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article imagePharma going green? Making Tylenol from plant material

By Tim Sandle     Jul 4, 2019 in Health
Researchers based at the University of Wisconsin - Madison have developed at method to synthesize acetaminophen — the active ingredient in Tylenol — from a natural compound derived from plant material, reducing the reliance upon fossil fuels.
Lead researchers John Ralph and Steve Karlen, who work at the Great Lakes Bioenergy Research Center, have been granted a patent for a novel method to synthesize acetaminophen from plant material.
Coal tar is currently used to create acetaminophen (various phenolic coal tar derivatives have analgesic properties), which is used in the common pain reliever and a fever reducer Tylenol. Coal tar is produced through thermal destruction (pyrolysis) of coal, and it is generally associated with use in dermatology. The method of creating coal tar involves the use of fossil fuels (it is a by-product of the production of coke and coal gas from coal).
With the new process, the immediate challenge faced is with lignin itself. The material is a very complex polymer and two molecules in a plant are exactly the same. The main complication for the researchers was how to break down the plant material into usable materials. The new process, which has been awarded a patent, describes how to effectively convert a molecule found on lignin into acetaminophen (N-acetyl-para-aminophenol). The chemical consists of a benzene ring core, substituted by one hydroxyl group and the nitrogen atom of an amide group in the para (1,4) pattern.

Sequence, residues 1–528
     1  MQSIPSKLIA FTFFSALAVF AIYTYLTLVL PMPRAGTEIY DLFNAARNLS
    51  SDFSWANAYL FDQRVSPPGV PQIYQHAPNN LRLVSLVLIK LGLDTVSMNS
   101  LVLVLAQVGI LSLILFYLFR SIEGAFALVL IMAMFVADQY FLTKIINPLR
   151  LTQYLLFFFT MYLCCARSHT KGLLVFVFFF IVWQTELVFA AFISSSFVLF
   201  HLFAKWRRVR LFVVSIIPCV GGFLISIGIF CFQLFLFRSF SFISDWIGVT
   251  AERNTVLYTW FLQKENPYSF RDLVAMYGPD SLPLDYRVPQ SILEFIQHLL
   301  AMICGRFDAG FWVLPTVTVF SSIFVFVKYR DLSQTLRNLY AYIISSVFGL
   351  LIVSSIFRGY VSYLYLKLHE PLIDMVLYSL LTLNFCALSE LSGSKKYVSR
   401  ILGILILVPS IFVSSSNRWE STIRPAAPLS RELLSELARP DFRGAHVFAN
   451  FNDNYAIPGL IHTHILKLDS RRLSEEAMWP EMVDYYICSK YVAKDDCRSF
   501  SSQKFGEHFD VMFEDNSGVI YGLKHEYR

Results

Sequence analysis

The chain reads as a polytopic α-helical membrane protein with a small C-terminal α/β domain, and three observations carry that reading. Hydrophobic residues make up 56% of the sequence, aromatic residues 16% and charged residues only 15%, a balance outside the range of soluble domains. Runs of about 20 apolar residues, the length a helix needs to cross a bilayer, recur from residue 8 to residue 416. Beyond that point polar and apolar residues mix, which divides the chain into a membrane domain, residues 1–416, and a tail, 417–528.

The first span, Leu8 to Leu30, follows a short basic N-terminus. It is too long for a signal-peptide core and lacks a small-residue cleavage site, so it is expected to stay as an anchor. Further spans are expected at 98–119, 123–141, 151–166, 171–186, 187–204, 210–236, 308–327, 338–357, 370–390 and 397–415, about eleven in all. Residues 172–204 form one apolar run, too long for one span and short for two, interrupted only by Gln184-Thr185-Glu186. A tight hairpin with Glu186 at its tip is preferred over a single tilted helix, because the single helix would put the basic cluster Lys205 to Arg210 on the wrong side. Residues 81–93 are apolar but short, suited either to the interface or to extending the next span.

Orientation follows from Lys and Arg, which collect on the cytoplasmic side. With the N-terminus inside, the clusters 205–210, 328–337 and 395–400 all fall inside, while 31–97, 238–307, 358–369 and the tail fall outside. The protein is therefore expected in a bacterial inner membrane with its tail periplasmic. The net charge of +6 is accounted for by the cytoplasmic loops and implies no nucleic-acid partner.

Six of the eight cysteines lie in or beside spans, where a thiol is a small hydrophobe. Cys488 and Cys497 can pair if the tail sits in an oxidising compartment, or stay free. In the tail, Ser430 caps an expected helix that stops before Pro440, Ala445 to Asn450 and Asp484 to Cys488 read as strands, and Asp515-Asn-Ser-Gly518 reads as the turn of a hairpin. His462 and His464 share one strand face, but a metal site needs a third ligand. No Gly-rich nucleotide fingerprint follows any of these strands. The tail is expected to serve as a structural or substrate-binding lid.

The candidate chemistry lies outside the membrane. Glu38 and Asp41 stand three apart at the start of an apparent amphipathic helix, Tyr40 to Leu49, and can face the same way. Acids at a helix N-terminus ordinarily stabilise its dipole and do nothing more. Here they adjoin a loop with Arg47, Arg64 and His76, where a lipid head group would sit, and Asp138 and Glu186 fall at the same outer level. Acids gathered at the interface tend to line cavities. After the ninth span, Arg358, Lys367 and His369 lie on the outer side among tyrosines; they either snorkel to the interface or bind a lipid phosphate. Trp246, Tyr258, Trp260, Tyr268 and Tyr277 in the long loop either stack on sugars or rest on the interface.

The method is based on running a short series of chemical reactions on plant biomass, which converts the molecule into acetaminophen. The success of this new process creates the opportunity for other pharmaceutical processes to move to a more sustainable form of pharmaceutical production, by making drugs from plants rather than from fossil fuels.
More about Medicine, Pharmaceuticals, Tylenol, coal tar, Fossil fuels
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